This morning while browsing the New York Times I came across this stunning full page Apple ad. Terrific collaboration on the part of two of America’s top lifestyle brands.
[and a nice explainer on native advertising, here at the Guardian]
It’s Mid-Autumn Festival time aka Mooncake Festival here in the Chinese-speaking parts of Asia. When I lived in China, I mostly associated it with eating extremely heavy pastries (mooncakes ) and crowded restaurants. But of course there’s much more to it, as I was reminded in a conversation with a Malaysian Chinese acquaintance who grew up in Penang, a heavily Chinese part of Malaysia, in the 1960s. On the occasion of the festival, which occurs during the full moon, folks in her town would gather, eat a large meal and – in a tradition she recalls as ‘old fashioned’ – pray to the Moon Faerie.
Then this happened.
Or, as she put it to me: “Who wants to pray to an American flag?”
Now, this wasn’t a statement of anti-Americanism (believe me). Or, as some of my more logically-minded friends might assume, an instance of reason triumphing over faith. It’s just that where once there was a Moon Faerie, now there was a flag. Or, as my acquaintance’s mother was said to have put it: “Why would I want to pray to an American flag?” The reaction, I’m told, was not sadness but anger. To my ears, at least, it sounded as if an uninvited dinner guest had crashed tradition.
I don’t want to take this too far. I’m told the old traditions in rural Penang were dying out anyway by the time Neil Armstrong put his flag in the lunar soil. Far from being a myth buster, that man on the moon was more of an irritant to a culture that was still trying to maintain itself against ever-approaching modernity. Of course, in the end, everyone adapted, the festival is still celebrated, and more likely than not, a few folks still point their eyes heavenward, to the Moon Faerie.
Happy Mid-Autumn Festival from Malaysia.
For more than a decade, Gary Ries of Mission Hills, California, has spent his spare time earning money by picking recyclable cans and bottles from trash cans owned by the city of San Diego. Under most definitions, this is laudable entrepreneurship and everyone wins: Ries makes a few extra bucks, San Diego trucks a few less pounds of trash to the landfill, and, well, recycling!
However, according to a report by ABC 10 in San Diego, the city of San Diego doesn’t quite see it that way: “The city of San Diego says that once an item enters a trash can on city property, it becomes property of the city.”
So, rather than laud Ries – or, better yet, just leave him the @#$% alone – the city of San Diego has decided to make him miserable. Last weekend, they twice issued $150 citations against him. And if he doesn’t stop recycling the city’s landfill-bound cans and bottles? The police officer who harassed him the first time around will “arrest him, take him to jail and have his bail set at $5,000.”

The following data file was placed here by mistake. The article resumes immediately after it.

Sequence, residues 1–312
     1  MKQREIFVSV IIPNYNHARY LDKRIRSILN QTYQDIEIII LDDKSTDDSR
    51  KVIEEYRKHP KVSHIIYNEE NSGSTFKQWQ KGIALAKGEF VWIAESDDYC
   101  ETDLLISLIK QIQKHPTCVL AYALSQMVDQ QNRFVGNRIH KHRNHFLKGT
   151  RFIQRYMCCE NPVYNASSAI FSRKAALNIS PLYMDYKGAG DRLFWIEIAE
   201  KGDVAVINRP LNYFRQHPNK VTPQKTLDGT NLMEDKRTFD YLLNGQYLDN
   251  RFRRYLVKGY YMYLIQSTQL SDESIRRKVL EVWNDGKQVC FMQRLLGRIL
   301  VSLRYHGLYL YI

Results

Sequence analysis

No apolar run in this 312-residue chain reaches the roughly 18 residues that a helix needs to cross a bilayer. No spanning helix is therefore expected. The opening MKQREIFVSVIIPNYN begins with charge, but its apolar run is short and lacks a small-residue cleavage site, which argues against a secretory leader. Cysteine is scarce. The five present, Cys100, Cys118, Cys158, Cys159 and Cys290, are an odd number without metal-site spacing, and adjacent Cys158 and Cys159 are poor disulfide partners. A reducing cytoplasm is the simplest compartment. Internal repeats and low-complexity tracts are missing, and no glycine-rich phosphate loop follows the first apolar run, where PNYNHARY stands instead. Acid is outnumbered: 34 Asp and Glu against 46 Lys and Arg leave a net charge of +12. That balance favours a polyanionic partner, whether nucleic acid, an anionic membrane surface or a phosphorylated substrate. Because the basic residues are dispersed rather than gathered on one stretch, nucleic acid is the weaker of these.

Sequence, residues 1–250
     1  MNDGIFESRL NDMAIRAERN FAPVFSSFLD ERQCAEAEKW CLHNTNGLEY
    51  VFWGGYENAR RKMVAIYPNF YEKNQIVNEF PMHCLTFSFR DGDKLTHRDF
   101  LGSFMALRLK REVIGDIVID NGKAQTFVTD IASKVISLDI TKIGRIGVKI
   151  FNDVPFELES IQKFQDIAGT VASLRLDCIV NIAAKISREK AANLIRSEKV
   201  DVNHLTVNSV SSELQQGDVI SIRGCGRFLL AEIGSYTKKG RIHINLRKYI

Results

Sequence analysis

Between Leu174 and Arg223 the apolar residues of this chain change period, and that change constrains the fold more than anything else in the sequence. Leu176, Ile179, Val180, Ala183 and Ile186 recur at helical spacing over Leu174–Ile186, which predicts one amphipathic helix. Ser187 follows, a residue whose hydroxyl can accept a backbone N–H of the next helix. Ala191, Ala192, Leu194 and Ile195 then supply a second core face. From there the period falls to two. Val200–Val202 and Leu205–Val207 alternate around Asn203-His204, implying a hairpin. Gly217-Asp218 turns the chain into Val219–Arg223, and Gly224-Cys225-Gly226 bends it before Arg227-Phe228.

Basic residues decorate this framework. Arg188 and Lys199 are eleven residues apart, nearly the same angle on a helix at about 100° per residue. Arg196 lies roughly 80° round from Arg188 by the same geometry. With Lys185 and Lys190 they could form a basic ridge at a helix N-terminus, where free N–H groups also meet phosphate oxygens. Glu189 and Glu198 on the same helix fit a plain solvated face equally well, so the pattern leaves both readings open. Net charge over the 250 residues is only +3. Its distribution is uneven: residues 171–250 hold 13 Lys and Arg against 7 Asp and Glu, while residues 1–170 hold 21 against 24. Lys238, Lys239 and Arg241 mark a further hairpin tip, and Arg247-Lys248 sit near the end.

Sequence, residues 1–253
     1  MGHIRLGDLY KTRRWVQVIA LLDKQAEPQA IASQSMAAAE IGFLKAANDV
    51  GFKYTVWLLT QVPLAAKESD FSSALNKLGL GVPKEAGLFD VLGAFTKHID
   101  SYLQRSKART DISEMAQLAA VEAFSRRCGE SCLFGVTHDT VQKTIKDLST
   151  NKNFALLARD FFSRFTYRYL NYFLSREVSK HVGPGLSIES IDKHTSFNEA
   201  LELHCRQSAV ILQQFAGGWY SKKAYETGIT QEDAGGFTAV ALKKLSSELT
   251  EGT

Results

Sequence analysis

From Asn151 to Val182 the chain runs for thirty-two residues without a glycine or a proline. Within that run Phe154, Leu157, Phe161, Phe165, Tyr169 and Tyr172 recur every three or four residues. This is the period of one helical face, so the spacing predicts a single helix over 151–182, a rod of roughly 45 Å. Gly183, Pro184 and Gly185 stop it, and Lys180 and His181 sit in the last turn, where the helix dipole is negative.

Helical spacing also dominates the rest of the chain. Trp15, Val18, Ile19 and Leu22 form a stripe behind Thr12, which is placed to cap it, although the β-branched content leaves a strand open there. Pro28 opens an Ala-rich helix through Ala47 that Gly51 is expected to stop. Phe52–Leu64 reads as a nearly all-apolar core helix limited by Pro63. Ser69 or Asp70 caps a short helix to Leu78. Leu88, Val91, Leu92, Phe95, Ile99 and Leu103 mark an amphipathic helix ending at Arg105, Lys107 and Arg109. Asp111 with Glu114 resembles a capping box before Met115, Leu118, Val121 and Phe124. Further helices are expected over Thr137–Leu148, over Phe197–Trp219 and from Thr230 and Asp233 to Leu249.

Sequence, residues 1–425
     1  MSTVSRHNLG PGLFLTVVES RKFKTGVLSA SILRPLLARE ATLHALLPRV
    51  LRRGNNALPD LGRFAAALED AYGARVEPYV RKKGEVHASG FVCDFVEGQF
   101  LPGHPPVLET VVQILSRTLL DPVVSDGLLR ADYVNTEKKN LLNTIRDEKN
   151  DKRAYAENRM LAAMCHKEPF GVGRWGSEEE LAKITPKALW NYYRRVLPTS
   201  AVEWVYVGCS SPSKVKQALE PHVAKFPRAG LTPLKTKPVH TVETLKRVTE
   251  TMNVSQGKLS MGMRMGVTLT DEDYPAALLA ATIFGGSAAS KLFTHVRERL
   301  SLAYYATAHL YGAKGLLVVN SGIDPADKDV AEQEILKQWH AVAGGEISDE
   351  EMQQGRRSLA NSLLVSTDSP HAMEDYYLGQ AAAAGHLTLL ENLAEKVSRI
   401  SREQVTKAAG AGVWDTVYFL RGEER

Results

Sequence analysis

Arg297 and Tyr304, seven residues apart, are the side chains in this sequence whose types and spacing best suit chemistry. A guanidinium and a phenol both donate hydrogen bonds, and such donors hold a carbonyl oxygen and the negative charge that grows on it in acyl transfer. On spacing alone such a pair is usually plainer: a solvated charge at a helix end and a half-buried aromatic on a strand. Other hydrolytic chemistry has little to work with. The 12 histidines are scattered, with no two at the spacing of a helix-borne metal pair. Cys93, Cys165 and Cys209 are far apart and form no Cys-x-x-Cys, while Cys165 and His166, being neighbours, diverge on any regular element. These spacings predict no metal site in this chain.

But it gets worse. San Diego isn’t merely concerned that Ries is stealing their garbage. They’re worried about liability if “someone gets hurt digging through the trash,” as well as identity theft (ie, the city is protecting people who might leave bank statements in San Diego’s beach-side garbage cans). Or, in the words of Jose Ysea, spokesman for the city of San Diego Environmental Services Department: “it’s more to protect the residents and the community at large.” Continue reading
As of today, I have relocated to Kuala Lumpur, Malaysia. It’s a new home (for me, at least), and a new adventure. But I’d be lying to say that I won’t miss Shanghai, my home of 12 years. In fact, let me just come out and write it: I’ll miss Shanghai, my home of 12 years. It’s been a privilege to live here, and I’ve tried to enjoy everything that this fantastic city has to offer. That noted, you can’t truly be in Shanghai unless you know how much of Shanghai you’re missing. With utmost humility, I must admit that I missed a whole lot … and thus, I’ll need to visit.
Why the relocation? The reasons are many. As a writer, I’m ready to see and write about the world from a different geographic perch. Malaysia has much to recommend it, including – and critically – deep personal ties.
For readers of my work, I can still be found at Bloomberg View, and I’ll continue writing about Asia on a regular basis. At the same time, I’ll be branching out into some different topics that interest me, including science, space, and sports (readers of my View columns have already seen hints of the shift). For my longtime scrap/junk/waste readers, no fears: I’ll continue on the beat. In fact, I’ve booked some features with Scrap and Recycling International for later this year.